Many of the big Jewish Music (JM) releases from the ‘80s and ‘90s featured songs composed by Yossi Green. Yossi dominated mainstream JM in that era as a composer (and occasionally had other roles, as well), making an immense impact on dozens of projects. Many of the most legendary albums that helped catapult singers’ careers were replete with Yossi’s contributions.

In 2002, Yossi released Shades of Green, a collection of [his own] greatest hits. This would be the first of several albums of its type: medleys of his previously-released compositions organized into different themes. As elaborated above, Yossi was quite prolific, having already composed hundreds of songs at the time, with plenty left in the reservoir. Within the industry, his renown hadn’t waned; the momentum hadn’t slowed. He was still likely the ultimate destination for a singer in search of songs. So why the repackaging of “old” songs? It’s not like he was in need of a stalling technique while he replenished new content. What compelled him to start this project?

Yossi’s impetus for re-releasing many of his beautiful songs into a cohesive project like this was in fact an enlightening conversation he had with his daughter. She wanted to know exactly what he did in Jewish music. When she would tell her friends that a particular song is “his,” they would reply with, “That’s him singing?” or “I thought this was Dedi’s song,” or “If the words are from davening and Avraham Fried is singing it, what exactly does your father do?” His daughter became frustrated, not being able to explain something that she herself didn’t completely grasp. Yossi realized that if his own family was unsure about what writing a song means and where he fits into the scheme, then the general public was very likely unaware of all the role players involved in a song and the many facets and specialized skill sets it entails.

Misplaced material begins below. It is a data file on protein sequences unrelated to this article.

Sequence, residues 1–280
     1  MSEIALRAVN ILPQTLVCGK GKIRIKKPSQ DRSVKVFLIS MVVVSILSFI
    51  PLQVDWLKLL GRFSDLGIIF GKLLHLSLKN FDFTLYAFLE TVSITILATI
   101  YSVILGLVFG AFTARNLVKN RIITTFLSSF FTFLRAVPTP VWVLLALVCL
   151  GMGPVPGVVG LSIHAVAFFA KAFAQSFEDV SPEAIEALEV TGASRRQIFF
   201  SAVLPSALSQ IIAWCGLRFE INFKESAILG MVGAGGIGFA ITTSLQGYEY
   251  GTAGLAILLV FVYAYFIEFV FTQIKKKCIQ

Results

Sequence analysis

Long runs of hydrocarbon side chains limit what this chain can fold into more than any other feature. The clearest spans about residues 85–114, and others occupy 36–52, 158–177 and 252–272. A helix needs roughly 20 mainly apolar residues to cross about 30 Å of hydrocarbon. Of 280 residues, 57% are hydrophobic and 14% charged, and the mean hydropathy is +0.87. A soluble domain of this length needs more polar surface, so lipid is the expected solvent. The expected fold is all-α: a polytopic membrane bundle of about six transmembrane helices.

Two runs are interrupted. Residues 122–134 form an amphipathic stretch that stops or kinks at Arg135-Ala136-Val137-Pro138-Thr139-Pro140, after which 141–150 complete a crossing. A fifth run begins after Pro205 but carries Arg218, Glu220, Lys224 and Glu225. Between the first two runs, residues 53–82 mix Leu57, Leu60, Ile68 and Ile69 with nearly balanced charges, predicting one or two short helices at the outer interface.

When a single or video is released, one may notice an entire cast of names of people who supposedly are affiliated with the song in some way or another: produced by, vocals by, composed by, lyrics by, arranged by, backup vocals by, adult choir by, recorded by, mixed by, mastered by, distributed by, etc. One may even wonder: If this is Benny Friedman’s new single, why is there an entire army of random people getting acknowledged for this song? Who are all of these people? What roles do they play? Is there overlap? Are they all equal contributors?

There’s an enormous amount of time and energy and collaboration that goes into producing high-caliber music. What exactly is going on behind the scenes? As listeners, we impatiently wait for the final product, but we are usually unaware of the song’s progression and the realistic projected timeline, etc. How many things need to click, from schedule to finances to personnel, in order for the song to go from fetus to fully-formed? I hope to delve into the different phases of the song process in future weeks.

Simcha Kranczer grew up in Kew Gardens Hills as a Jewish music enthusiast and a big Mets fan. He’s a songwriter, and also hosts a podcast called “The Person, The Artist.” Simcha can be reached at This email address is being protected from spambots. You need JavaScript enabled to view it..